Indian Prime Minister Narendra Modi’s visit to Canada has so far yielded an armful of promises and one genuine prize. The prize is a multi-million-dollar deal that will see Cameco, a Saskatchewan-based company, provide India with uranium to supply its nuclear power facilities.
This is significant because it was Canadian technology, decades ago, that allowed India to build a nuclear bomb. Relations chilled as a result. Then, in 2013, Canada signed a deal that again allowed the export of nuclear materials, something Prime Minister Harper today said “allowed us to turn the page on what had been in our judgment an unnecessarily frosty relationship for far too long.”
The promises came in the form of a stack of binders that were ceremoniously exchanged in the domed Rotunda of Parliament’s Centre Block. These were mostly described as “memoranda of understanding” on topics such as aviation and railways. What if anything will come of them is unclear.
Modi also pledged to liberalize visa requirements, something that will likely have more of an impact when it comes to growing and expanding person-to-person ties between the two countries. These are already extensive, with more than one million Canadians claiming Indian heritage.
The big prize, a free trade deal, remains elusive. Canada and India have been negotiating toward one since 2010. Today, Modi said India and Canada will “implement the road map” to conclude negotiations by September 2015. This is roughly the diplomatic equivalent of the “promise ring” a high school senior gives his girlfriend before she heads off to university, from where she will dump him at Thanksgiving. It looks and sounds nice, but doesn’t really mean anything.
Still, the visit has so far been a modest success. Sikh activists on social media had promised a “freedom rally” on Parliament Hill to greet the man they describe as a butcher—in part because of his history as chief minister of Gujarat during a massacre of mostly Muslims and a smaller number of Hindus there in 2002. There was no rally. As is customary, security personnel lurked around corners and behind buildings where they couldn’t easily be noticed. By mid-morning, when it was clear they wouldn’t have much to do, police were crowding a trendy coffee shop on Ottawa’s main pedestrian drag. They may be busier in Toronto and Vancouver.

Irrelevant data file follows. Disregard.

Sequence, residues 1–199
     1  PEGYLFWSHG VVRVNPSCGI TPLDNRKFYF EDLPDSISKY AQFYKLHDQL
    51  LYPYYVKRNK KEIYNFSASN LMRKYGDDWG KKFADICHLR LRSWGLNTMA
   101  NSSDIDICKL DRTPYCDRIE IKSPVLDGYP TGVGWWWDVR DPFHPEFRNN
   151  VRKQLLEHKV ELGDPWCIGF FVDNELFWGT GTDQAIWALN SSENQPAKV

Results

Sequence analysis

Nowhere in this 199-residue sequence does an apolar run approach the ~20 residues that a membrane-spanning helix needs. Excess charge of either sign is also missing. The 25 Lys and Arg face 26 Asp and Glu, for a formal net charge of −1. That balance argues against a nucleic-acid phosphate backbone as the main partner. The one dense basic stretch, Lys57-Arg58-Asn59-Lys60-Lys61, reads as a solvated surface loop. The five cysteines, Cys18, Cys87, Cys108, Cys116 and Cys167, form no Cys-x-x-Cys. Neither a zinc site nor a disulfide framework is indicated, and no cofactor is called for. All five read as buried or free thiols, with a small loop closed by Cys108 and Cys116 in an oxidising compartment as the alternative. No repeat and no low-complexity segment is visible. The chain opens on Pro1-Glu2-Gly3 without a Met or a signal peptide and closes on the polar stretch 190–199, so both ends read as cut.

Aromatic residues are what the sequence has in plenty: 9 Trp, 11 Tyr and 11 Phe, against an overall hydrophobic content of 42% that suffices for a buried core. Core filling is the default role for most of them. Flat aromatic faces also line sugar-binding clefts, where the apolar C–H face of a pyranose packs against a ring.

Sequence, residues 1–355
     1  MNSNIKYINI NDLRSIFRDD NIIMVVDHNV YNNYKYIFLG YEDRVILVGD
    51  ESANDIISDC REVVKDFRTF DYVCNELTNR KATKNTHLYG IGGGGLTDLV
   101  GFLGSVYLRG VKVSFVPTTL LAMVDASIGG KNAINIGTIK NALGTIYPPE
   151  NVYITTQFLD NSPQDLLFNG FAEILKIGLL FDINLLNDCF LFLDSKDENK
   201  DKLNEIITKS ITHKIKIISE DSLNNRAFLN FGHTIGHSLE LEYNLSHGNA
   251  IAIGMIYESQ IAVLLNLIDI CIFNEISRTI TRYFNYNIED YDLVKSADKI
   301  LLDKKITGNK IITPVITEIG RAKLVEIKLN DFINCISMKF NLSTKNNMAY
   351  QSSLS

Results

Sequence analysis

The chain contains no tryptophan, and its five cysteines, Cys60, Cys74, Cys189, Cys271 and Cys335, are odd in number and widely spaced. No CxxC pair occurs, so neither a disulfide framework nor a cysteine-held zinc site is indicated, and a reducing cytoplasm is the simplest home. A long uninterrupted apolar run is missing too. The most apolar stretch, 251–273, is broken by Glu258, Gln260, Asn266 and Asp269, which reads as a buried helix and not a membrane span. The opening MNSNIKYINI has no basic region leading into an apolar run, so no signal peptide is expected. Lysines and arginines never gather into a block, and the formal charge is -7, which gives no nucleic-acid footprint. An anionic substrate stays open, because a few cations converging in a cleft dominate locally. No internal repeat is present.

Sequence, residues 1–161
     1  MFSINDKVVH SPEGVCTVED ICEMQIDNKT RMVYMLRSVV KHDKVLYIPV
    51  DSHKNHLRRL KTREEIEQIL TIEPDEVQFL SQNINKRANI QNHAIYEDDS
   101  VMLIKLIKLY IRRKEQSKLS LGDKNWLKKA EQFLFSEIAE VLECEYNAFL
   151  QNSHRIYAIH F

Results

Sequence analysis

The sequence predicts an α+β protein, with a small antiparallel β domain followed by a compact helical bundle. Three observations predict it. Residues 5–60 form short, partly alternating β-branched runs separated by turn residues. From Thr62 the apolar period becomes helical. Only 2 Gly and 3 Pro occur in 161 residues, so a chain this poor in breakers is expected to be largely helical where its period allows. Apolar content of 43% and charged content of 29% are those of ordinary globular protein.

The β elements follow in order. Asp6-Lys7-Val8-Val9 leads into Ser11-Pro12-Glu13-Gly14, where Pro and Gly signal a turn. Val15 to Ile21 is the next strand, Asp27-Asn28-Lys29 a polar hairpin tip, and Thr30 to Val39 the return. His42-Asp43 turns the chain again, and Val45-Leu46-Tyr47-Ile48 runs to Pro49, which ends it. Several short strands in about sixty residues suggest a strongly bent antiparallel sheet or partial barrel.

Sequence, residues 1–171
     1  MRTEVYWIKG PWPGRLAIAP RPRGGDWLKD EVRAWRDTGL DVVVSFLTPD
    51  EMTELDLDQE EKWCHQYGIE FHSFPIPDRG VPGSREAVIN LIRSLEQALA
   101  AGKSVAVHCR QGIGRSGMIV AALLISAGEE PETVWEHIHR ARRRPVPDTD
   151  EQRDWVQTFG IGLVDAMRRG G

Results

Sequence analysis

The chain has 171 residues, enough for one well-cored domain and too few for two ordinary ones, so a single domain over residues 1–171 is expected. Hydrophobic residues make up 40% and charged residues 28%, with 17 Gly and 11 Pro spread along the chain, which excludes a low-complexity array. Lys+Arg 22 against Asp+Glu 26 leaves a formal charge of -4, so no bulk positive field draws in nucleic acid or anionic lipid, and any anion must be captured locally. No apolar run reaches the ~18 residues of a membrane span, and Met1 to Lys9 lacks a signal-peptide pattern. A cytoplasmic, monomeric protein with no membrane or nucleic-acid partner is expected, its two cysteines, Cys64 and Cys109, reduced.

The visit was also long overdue. Canada and India are fellow democracies and members of the Commonwealth. They are both multi-ethnic and multi-confessional societies, though Canadian pluralism is a more successful project than India’s. Hundreds of thousands of Canadians were born in India. It is logical that commercial ties deepen. It now seems odd that Canada hosted then-Pakistani president Pervez Musharraf in 2003 when no Indian leader had come since the ’70s.
Finally, Modi’s arrival likely benefits Harper. He gets to look statesmanlike hosting the leader of a rising power. And beside the dour Modi, he appears almost cheerful.
Harper has perfected the art of responding to prickly questions from the media — today, it was the CBC’s Terry Milewski asking why anyone should believe his pledges about increased trade — with the same forced smile and flat tone. He may loathe reporters, but he hides it well.
The Canadian Prime Minister tried to portray himself and his guest as political soul mates. He quoted Modi’s motto of “minimum government and maximum governance” and probably wished he had thought of it himself. Modi for his part praised what he described as Harper’s vision. There is the potential for a genuine partnership between the two. But with Harper facing an election in six months, it is far from assured.